Prehospital benzodiazepine use and need for respiratory support in paediatric seizures

Christina K Pfeiffer1,2,  Karen Smith3,4,  Stephen Bernard4,5,  Stuart R Dalziel6,7,  Stephen Hearps1,

Tobias Geis2,  Michael Kabesch2,  Franz E Babl1,6,8,9  On behalf of the PREDICT Network

Correspondence to Professor Franz E Babl, Clinical Sciences, Murdoch Children’s Research Institute, Parkville, VIC 3052, Australia; [email protected]


Background Paramedics are frequently called to attend seizures in children. High-quality evidence on second-line treatment of benzodiazepine (BZD)-refractory convulsions with parenteral long-acting antiepileptic drugs in children has become available from the ED. In order to address the potential need for an alternative agent, we set out to determine the association of BZD use prehospital and the need for respiratory support.

Methods We conducted a retrospective observational study of state-wide ambulance service data (Ambulance Victoria in Victoria, Australia, population: 6.5 million). Children aged 0–17 years assessed for seizures by paramedics were analysed for demographics, process factors, treatment and airway management. We calculated adjusted ORs (AOR) of the requirement for respiratory support in relation to the number of BZD doses administered.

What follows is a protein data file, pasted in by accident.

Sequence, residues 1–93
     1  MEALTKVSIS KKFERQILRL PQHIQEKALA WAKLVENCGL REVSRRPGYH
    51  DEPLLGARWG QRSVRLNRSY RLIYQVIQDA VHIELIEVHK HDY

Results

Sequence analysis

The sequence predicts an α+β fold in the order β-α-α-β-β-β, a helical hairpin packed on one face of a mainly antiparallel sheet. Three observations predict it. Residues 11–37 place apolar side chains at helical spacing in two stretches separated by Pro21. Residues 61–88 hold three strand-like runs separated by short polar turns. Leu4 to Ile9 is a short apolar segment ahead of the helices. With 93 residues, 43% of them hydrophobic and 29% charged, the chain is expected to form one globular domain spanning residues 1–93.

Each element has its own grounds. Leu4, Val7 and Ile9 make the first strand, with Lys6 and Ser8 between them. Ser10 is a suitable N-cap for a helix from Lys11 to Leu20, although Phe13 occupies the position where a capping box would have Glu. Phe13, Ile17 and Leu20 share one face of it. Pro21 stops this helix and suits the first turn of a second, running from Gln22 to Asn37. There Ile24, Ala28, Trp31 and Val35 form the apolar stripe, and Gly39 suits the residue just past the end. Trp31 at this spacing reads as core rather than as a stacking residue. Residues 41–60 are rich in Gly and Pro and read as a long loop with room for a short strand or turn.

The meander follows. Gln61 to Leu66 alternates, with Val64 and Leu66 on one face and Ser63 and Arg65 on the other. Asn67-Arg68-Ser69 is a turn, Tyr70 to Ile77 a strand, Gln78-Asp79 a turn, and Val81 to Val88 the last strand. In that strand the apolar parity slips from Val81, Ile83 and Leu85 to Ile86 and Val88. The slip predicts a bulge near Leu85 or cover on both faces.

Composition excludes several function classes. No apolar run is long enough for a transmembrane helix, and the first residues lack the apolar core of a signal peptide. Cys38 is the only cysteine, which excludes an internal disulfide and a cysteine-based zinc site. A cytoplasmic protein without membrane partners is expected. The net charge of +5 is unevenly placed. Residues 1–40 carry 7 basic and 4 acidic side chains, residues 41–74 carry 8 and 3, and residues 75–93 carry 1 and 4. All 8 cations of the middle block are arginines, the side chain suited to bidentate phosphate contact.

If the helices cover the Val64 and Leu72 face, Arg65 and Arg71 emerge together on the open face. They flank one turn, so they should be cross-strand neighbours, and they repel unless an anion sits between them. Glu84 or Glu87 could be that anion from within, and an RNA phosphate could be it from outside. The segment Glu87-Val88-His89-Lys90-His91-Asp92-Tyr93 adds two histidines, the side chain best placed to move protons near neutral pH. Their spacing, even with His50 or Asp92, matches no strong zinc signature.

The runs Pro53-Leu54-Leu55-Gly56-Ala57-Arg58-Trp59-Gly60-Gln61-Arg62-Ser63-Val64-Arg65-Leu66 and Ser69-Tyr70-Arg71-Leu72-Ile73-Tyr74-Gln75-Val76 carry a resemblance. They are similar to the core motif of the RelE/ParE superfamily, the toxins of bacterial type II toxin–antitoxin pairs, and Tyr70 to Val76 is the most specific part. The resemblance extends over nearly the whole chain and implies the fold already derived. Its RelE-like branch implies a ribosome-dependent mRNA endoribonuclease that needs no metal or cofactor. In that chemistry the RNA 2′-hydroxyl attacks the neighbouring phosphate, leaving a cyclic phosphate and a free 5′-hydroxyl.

Results Paramedics attended 5112 children with suspected seizures over 1 year (1 July 2018 to 30 June 2019). Overall, need for respiratory support was low (n=166; 3.2%). Before ambulance arrival, 509 (10.0%) had already received a BZD and 420 (8.2%) were treated with midazolam by paramedics. Of the 846 (16.5%) patients treated with BZD, 597 (70.6%) received 1 BZD dose, 156 (18.4%) 2 doses and 93 (11.0%) >2 doses of BZD. Patients who were administered 1, 2 and >2 doses of BZD received respiratory support in 8.9%, 32.1% (AOR 4.6 vs 1 dose, 95% CI 2.9 to 7.4) and 49.5% (AOR 10.3 vs 1 dose, 95% CI 6.0 to 17.9), respectively.

Conclusions Increasing administration of BZD doses was associated with higher use of respiratory support. Alternative prehospital antiepileptic drugs to minimise respiratory depression should be investigated in future research.

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